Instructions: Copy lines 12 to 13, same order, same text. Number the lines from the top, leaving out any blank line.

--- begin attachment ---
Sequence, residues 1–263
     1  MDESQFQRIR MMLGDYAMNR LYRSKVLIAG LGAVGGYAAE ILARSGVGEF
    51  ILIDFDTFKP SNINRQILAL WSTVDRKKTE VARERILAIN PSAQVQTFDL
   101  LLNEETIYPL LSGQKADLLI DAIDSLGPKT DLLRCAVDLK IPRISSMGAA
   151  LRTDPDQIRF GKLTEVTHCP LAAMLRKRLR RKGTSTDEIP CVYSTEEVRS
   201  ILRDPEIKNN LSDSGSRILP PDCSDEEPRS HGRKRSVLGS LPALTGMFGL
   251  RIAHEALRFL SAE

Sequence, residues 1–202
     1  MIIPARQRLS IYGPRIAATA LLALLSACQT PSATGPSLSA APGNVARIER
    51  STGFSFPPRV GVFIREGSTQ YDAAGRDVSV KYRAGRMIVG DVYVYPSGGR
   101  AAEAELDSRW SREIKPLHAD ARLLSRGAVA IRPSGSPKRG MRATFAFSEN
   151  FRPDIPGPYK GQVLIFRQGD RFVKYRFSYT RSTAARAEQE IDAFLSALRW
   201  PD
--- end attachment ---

   151  FRPDIPGPYK GQVLIFRQGD RFVKYRFSYT RSTAARAEQE IDAFLSALRW
   201  PD